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Think you’re bad at handling stress? Narwhals are worse

You’d probably be stressed out too if you had a tusk poking through your face.
You’d probably be stressed out too if you had a tusk poking through your face.
Image: Mads Peter Heide-Jorgensen
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Narwhals are not cool under pressure. When stressed, they use up almost all of their energy in an instant by essentially stopping their hearts while thrashing as hard as they can to swim away. It’s one of the most panicked reactions to stress scientists have documented in the animal kingdom.

Evolution has equipped all creatures with the tools to deal with stressors or threats. Sometimes, the body does a quick shot of adrenaline to give itself a rush of super-strength, either for fighting off an enemy or running for the hills. Other times, the body takes the opposite approach and slows itself way down, in theory, so the animal will look dead and a predator will lose interest. In most creatures, these two reactions can’t happen simultaneously because of the way the nervous system is wired.

Researchers previously thought narwhals fell into the latter category. When threatened by a killer whale or another predator, narwhals dive deep, requiring them to lower their heart rates in an effort to save oxygen. However, when researchers tagged five narwhals off the east coast of Greenland with the porpoise equivalent of a Fitbit and trapped them briefly in a net to temporarily stress them out, they found that the animals somehow combine the two common stress reactions. The narwhals end up struggling with every ounce of their strength, while lowering the hearts to between three and four beats per minute. Normally, a narwhal’s resting heart rate at the surface is around 60 beats per minute, based on recordings the team took of nine other narwhals during the experiment. That’s just 5% of their normal average. The findings, from researchers at the University of California- Santa Cruz and the Greenland Institute of Natural Resources, was published (paywall) Dec. 7 in the journal Science.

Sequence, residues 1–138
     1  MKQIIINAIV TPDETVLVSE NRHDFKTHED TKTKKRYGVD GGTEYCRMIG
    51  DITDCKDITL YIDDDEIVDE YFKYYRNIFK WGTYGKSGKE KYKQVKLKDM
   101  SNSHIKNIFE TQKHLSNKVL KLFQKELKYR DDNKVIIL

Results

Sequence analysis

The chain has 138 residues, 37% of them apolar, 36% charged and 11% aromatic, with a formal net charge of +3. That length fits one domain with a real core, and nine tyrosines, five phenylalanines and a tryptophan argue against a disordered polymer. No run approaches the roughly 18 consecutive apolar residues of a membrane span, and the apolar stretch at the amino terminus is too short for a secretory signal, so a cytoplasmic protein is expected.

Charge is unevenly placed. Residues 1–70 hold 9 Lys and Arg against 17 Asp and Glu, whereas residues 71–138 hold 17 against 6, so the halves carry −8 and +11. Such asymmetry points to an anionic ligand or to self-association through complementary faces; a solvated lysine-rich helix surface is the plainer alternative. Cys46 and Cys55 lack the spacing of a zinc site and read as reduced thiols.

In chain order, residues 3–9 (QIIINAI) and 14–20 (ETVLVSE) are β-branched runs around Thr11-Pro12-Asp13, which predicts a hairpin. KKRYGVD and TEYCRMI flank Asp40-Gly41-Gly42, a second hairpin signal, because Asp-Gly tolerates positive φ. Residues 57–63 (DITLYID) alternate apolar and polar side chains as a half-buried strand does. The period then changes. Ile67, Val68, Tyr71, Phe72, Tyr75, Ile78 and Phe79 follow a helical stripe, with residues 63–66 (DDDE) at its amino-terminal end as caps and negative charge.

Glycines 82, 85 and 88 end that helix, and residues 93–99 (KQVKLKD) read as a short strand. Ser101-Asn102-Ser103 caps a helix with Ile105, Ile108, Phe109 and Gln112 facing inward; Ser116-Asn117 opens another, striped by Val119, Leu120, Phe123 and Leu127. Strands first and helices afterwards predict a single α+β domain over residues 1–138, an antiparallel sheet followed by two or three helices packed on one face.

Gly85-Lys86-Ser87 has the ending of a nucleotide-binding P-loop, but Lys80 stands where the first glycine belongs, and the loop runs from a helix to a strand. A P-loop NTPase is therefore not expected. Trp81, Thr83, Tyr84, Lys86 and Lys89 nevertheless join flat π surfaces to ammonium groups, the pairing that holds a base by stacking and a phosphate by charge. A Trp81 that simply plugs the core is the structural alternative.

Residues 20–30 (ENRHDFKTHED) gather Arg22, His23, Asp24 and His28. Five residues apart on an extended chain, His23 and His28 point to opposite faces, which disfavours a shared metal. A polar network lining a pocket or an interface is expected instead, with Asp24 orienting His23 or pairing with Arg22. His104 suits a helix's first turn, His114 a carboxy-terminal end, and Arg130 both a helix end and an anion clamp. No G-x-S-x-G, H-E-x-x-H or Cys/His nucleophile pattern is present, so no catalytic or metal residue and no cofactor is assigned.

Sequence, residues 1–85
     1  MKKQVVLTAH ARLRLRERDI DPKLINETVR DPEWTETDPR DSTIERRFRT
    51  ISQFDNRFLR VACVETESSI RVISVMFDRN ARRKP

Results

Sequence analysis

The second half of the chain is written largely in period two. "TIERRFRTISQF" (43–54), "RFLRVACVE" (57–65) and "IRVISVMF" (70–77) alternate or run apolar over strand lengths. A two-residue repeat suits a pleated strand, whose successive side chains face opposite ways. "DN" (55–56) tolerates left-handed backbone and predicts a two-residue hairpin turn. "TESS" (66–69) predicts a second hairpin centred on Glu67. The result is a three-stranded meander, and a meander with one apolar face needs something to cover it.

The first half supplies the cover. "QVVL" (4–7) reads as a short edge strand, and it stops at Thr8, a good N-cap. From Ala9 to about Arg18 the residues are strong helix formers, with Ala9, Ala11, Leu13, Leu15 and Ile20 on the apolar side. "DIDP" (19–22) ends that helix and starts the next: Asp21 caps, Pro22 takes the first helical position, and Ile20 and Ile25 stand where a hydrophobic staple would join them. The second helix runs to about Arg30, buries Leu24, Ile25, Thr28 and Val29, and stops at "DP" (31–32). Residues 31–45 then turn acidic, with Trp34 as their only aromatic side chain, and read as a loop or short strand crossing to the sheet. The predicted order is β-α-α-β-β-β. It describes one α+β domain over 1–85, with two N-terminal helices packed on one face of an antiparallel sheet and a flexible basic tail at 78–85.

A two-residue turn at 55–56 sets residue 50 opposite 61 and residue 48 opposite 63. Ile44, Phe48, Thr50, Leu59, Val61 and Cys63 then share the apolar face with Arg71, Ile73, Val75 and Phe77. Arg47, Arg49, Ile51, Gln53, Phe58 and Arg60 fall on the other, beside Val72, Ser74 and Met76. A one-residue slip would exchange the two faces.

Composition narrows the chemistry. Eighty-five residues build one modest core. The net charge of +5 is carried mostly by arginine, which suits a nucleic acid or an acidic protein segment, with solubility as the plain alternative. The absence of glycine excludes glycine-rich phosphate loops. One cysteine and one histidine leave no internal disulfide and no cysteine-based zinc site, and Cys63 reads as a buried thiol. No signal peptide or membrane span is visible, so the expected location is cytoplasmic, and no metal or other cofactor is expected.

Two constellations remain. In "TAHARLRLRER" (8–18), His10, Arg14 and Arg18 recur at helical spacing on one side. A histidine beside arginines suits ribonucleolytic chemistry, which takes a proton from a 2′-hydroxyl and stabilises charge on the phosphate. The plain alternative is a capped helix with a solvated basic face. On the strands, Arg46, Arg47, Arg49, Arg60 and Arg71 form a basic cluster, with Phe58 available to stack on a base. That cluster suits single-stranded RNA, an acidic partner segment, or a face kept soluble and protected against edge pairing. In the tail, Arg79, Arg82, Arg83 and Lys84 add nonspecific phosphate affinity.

The two responses together could potentially strangle the animal’s vital organs; the creature’s body is essentially force its muscles to exert maximum firing power with no fuel. It doesn’t seem like something any creature’s body would be designed to do.

The authors of the study write that narwhals have likely made it this long despite these apparently maladaptive stress responses because they’re able to escape natural predators by swimming deep beneath them. Once they’ve escaped, they can swim more slowly in the ocean depth, using only about half of the usual oxygen supply, the scientists calculated.

But the researchers are worried what may happen when shipping, seismic exploration, and fishing in the Arctic become more common as climate change melts sea ice and opens the region up to human activity. If narwhals exert themselves forcefully to try to swim away from pervasive, human-made underwater noise, or get caught up in nets, they may run out of oxygen too quickly to keep their bodies going even at their deep-water, slow-paced swimming. The threat to these creatures won’t be human activities themselves, but rather narwhals’ innate overreactions to it. If we plan to do more in narwhal territory, we’re going to have to figure out how to keep them calm, or else risk the demise of the closest thing nature has to a mystical sea mammal. Luckily, the International Union for Conservation of Nature states that narwhals have a healthy population size at the moment.